By John Beech, Manawatu Tramping and Skiing Club

Gwavas Conservation Area covers 2,700 hectares of the Wakarara range in Central Hawkes Bay. It is one of four main stewardship blocks surrounding the Ruahine Forest Park. Ruahine East, Ruahine West and Awarua make up the other three, all adding to a total of 8,501 hectares. The Department of Conservation (DOC) manages the area for its soil and water conservation values, habitat and recreation values.

The Wakarara Range is predominantly steep broken hill country dissected by a number of small streams, with the largest being Poporangi and Poutaki. Like many other stewardship blocks Gwavas has been waiting for reclassification since the days of DOC’s inception. Most of the Wakarara Range was burnt or logged in the early settlers’ days and used for pastoral grazing. Since grazing ceased the range has reverted back to mainly kānuka/mānuka and scrub forests. Remnant pockets of red and black beech along with rimu, mataī and kahikatea are present in some of the gullies.

Awarua and parts of Ruahine West and East stewardship land were proposed for inclusion into the Ruahine Forest Park as outlined in DOC’s Hawkes Bay Conservation Management Strategy (CMS) published in 1994. None have been included as yet and Gwavas (the second largest block) was to be investigated for classification, but as yet no progress has been made.

In recent times a number of assessments have been carried out on small areas within or adjacent to the Gwavas block. One was carried out for the defunct Ruataniwha dam project that required the revocation of two small areas of the Ruahine Forest Park to be swapped for a larger block of Smedley Station land, the latter being on the boundary with the Gwavas Conservation block. Another survey was completed on a small portion of the southern end of the block. This was undertaken by Kessell’s ecology for the Central Hawkes Bay District Council (CHBDC) as part of their assessment and classification of Significant Natural Areas (SNA). The assessment concluded that the 29-hectare portion was significant and recommended the area be increased to 917 hectares. The criteria for significance included habitat or migratory pathways used by at-risk and threatened fauna, and areas greater than 20 hectares of indigenous vegetation. CHDBC has included the Gwavas Conservation Area in their schedule of SNA’s.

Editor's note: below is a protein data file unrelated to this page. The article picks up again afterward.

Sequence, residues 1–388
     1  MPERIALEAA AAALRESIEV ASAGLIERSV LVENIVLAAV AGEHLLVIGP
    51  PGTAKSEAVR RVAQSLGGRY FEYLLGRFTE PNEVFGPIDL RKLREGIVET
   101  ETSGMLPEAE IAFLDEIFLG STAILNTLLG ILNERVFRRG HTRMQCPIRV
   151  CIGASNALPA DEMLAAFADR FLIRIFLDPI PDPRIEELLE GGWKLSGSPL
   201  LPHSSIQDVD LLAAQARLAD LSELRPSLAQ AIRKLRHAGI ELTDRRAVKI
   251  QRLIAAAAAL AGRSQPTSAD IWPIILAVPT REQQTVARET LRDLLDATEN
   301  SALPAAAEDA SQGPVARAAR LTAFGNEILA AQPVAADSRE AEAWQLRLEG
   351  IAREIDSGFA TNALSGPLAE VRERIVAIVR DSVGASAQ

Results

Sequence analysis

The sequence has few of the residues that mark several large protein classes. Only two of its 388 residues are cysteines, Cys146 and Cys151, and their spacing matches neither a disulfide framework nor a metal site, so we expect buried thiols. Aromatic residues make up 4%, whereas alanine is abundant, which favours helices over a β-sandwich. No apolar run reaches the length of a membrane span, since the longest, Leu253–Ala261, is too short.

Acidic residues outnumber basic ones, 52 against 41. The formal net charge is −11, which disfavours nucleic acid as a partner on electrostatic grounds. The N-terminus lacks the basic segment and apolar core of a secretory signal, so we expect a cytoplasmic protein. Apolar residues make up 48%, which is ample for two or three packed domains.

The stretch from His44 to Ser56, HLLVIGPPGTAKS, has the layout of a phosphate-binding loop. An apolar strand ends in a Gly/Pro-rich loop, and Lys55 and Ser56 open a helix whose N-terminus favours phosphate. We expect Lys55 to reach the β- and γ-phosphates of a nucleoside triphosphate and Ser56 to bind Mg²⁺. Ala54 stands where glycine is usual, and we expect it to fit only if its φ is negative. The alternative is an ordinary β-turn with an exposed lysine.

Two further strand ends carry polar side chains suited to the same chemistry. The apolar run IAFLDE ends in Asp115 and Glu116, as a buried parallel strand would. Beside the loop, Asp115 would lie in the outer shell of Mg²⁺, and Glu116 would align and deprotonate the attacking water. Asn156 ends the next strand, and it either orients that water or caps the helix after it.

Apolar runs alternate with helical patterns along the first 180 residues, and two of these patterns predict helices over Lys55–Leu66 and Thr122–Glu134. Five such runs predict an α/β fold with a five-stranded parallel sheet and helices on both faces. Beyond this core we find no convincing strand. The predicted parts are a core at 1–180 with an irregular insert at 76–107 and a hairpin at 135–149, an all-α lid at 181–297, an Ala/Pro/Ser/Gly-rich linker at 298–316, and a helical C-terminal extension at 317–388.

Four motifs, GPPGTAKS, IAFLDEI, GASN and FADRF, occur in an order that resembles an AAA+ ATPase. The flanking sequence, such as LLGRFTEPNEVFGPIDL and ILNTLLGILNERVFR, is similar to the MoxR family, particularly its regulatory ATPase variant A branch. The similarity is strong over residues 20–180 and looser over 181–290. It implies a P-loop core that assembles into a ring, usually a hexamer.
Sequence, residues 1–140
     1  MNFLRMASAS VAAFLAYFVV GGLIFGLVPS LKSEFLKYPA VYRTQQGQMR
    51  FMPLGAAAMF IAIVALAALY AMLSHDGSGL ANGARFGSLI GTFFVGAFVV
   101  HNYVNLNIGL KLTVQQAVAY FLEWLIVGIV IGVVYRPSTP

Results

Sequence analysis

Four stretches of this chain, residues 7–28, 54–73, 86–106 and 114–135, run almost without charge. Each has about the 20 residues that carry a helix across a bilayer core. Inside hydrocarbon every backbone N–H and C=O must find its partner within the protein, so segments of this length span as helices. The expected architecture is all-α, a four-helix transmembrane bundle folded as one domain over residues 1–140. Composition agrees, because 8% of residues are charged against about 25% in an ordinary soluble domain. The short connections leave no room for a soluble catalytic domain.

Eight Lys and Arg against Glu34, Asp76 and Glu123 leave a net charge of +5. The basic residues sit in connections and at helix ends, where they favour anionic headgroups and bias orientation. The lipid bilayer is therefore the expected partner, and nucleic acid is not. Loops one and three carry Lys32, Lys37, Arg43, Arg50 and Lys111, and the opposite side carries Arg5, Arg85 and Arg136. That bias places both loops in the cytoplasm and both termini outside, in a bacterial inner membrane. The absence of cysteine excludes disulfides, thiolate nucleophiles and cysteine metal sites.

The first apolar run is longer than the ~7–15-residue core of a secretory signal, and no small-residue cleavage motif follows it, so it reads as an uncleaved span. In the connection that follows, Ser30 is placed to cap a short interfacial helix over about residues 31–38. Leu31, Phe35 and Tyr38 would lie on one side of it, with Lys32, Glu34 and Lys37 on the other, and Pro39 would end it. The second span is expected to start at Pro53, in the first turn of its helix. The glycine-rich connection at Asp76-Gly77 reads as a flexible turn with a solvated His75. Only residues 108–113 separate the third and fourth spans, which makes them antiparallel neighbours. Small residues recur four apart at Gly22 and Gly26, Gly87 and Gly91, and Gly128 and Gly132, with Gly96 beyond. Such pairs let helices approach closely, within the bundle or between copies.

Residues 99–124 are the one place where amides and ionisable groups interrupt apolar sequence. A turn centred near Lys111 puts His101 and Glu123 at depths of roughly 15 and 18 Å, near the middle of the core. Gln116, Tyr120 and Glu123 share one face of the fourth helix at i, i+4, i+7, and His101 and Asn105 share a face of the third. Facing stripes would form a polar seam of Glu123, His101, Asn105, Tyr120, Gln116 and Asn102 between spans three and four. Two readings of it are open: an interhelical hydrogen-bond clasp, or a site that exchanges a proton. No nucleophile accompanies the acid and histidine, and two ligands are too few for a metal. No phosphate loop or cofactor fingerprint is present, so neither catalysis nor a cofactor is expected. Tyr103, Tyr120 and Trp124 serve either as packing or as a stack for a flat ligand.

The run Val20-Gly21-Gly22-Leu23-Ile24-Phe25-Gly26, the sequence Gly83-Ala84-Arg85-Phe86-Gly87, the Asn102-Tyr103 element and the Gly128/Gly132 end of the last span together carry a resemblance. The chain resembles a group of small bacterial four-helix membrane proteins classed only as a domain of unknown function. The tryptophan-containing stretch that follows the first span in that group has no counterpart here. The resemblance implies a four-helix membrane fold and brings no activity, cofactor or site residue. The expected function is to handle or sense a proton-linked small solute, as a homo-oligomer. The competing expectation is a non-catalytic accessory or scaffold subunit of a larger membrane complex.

While carrying out the assessments for the Ruataniwha land swap, DOC identified the following species as being present – fish: long fin eel, torrent fish, redfin bullies and dwarf galaxias (although the Dutch Creek area that was surveyed is outside the Gwavas Conservation Area, it is not unreasonable to assume that some or all of these species could occur in the latter streams and wetlands). Fauna included long tailed bats, karearea and fernbird, but noting the proviso above. Other birds inhabiting the area include kererū, tūī, grey warbler and tomtit.

Recreationally, the area is not very popular because of its location and lack of tracks and huts. There is one track that leads to Poutaki Hut, the only DOC hut in the Wakarara range. Access is through Pan Pac Forests from the Wakarara Road-end, crossing the Makororo River and following the forestry roads to the end of Leatherwood Road. Thereafter, it is a steep climb on to the main ridge, then along the ridge and down the other side to the hut. Hunting is the most popular activity, with permits being given for weekend use only, due to access through a working forest. Pigs, deer and goats are the main introduced species and hares, possums, rats and stoats also inhabit the range.

Challenges for the area include the introduced mammals and the damage they cause, plus wilding pines that are slowly spreading in from the adjacent pine plantations.

This article is excerpted from the November 2019 edition of Backcountry Magazine titled “Forgotten Lands.” For more information or to subscribe to Backcountry, please visit